Police officer demoted for posting racist comments about Annie Pootoogook on Facebook

Chris Hrnchiar pleaded guilty to two counts of discreditable conduct after writing that Indigenous peoples are "just satisfied being alcohol or drug abusers" following the death of the renowned Inuk artist
December 7, 2016, 5:02pm

An Ottawa police sergeant will be demoted First Class Constable for three months and required to attend multicultural training as punishment for posting racist comments online about the death of an Indigenous artist.

Chris Hrnchiar pleaded guilty to two counts of discreditable conduct under the Ontario Police Services Act in November, for using insulting language about race and ethnic origin and publicly commenting on an open investigation into the death of Inuk artist Annie Pootoogook.

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The officer’s actions “were clearly inappropriate and an embarrassment to the Ottawa Police Service,” said Retired Deputy Chief Terrence Kelly, the hearing officer, at the sentencing on Wednesday, the Ottawa Citizen reported.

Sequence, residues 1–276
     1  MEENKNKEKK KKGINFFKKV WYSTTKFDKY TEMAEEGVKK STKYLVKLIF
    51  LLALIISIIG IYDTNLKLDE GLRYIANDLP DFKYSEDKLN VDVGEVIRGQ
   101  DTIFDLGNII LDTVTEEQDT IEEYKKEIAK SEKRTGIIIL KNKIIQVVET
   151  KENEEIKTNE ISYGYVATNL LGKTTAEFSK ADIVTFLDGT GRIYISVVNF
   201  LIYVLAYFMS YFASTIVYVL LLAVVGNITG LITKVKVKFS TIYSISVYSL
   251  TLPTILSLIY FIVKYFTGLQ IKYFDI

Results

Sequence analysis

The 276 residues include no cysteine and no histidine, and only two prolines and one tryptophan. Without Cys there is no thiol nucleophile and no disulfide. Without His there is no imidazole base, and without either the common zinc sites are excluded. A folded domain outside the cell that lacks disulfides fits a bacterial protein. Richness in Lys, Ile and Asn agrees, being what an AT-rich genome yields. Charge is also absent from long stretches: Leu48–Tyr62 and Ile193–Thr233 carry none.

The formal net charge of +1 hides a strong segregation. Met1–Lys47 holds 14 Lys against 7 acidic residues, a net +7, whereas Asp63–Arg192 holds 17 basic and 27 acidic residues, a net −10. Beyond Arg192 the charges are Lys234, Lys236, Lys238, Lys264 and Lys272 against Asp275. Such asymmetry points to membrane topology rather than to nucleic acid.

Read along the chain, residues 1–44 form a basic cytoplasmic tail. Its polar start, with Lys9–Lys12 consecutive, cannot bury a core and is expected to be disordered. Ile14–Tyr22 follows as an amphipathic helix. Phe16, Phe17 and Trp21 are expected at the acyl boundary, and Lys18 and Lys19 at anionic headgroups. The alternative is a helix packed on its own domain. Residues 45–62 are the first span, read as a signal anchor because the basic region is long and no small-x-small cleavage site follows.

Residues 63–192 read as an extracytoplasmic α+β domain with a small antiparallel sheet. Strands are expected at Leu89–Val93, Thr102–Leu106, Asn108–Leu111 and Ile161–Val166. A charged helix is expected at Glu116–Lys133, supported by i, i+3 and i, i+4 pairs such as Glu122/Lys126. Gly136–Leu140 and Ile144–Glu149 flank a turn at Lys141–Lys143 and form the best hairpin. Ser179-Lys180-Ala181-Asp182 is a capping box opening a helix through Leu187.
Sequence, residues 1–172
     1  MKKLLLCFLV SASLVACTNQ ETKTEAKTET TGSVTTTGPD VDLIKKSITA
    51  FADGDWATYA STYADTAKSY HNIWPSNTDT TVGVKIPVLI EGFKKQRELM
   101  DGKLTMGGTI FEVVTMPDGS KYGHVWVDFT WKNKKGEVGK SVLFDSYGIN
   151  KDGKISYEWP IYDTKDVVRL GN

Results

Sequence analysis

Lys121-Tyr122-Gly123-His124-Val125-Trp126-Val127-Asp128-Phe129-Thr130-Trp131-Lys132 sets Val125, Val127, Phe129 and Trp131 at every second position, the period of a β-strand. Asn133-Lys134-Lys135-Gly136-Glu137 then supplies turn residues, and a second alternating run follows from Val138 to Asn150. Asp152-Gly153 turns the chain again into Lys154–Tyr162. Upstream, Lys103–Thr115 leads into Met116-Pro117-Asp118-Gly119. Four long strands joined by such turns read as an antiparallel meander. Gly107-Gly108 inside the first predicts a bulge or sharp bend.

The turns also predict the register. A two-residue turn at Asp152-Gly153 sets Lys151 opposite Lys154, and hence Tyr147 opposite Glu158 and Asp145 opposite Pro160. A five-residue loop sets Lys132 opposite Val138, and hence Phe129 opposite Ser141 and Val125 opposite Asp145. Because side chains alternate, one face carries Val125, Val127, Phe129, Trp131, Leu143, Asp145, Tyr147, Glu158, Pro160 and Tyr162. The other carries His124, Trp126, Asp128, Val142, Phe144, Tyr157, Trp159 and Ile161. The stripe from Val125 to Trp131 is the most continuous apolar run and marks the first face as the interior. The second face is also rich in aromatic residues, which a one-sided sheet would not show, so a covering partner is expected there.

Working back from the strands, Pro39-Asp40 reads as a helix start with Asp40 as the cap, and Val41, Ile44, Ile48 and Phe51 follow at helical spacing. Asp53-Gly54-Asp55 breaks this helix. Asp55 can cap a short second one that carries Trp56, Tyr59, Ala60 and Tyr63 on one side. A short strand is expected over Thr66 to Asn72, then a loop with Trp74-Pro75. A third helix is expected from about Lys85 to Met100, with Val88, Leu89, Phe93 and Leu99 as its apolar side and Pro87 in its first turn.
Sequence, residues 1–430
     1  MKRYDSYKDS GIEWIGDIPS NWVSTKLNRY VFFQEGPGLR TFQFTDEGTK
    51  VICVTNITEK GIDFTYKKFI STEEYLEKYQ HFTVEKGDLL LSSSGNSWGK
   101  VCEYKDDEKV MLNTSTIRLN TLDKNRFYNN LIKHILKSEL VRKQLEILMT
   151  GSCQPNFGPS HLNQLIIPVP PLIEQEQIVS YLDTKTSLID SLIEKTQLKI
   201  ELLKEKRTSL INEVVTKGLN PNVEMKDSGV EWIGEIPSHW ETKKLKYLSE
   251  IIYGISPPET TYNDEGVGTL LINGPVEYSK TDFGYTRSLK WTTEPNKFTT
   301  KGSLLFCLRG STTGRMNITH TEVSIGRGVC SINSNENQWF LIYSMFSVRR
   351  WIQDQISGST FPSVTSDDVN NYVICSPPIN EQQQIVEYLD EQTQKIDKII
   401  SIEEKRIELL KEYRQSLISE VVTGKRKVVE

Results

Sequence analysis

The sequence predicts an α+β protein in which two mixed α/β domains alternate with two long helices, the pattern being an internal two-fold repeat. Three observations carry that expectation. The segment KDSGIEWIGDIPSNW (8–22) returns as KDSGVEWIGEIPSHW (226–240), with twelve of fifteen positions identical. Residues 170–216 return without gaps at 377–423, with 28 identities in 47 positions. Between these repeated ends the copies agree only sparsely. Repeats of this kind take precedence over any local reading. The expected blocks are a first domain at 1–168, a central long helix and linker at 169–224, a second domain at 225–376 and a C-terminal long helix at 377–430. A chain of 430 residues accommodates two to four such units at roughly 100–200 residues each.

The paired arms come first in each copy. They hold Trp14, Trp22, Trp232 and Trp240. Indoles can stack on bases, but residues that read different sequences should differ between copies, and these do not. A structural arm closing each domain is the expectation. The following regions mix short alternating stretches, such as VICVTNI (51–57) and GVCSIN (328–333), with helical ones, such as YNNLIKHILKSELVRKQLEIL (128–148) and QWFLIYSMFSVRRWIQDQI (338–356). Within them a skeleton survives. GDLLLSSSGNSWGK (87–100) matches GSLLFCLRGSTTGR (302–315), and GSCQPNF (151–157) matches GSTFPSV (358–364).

“Sgt. Hrnchiar used his position as a police officer to release racist comments and information on his personal Facebook account with regard to the tragic death of Annie Pootoogook, a member of the Inuit community,” Kelly said.

Pootoogook’s body was found in the Rideau River on September 19. While police initially didn’t suspect any foul play, a few days later, they revealed that they were investigating “elements” of the death that “suspicious.”

Commenting on a Citizen article, Hrnchiar dismissed Pootoogook’s death as “not a murder case.”

“It could be a suicide, accidental, she got drunk and fell in the river and drowned who knows,” he wrote. “Typically many Aboriginals have very short lifespans, talent or not.”

In a second post, he added: “Because much of the aboriginal population in Canada is just satisfied being alcohol or drug abusers, living in poor conditions etc… They have to have the will to change, it’s not society’s fault.”

At the time, Hrnchiar was supervisor to the forensic identification detective tasked with processing the scene and identifying Pootoogook.

Kelly, who handed down the penalty recommended by the Ottawa Police Service’s general counsel Christiane Huneault last month, acknowledged Hrnchiar’s 30 year of “exemplary” service, said the penalty should send a clear message to the service that his conduct was unacceptable.

He also said the officer’s guilty plea and apology to Pootoogook’s family were taken into consideration.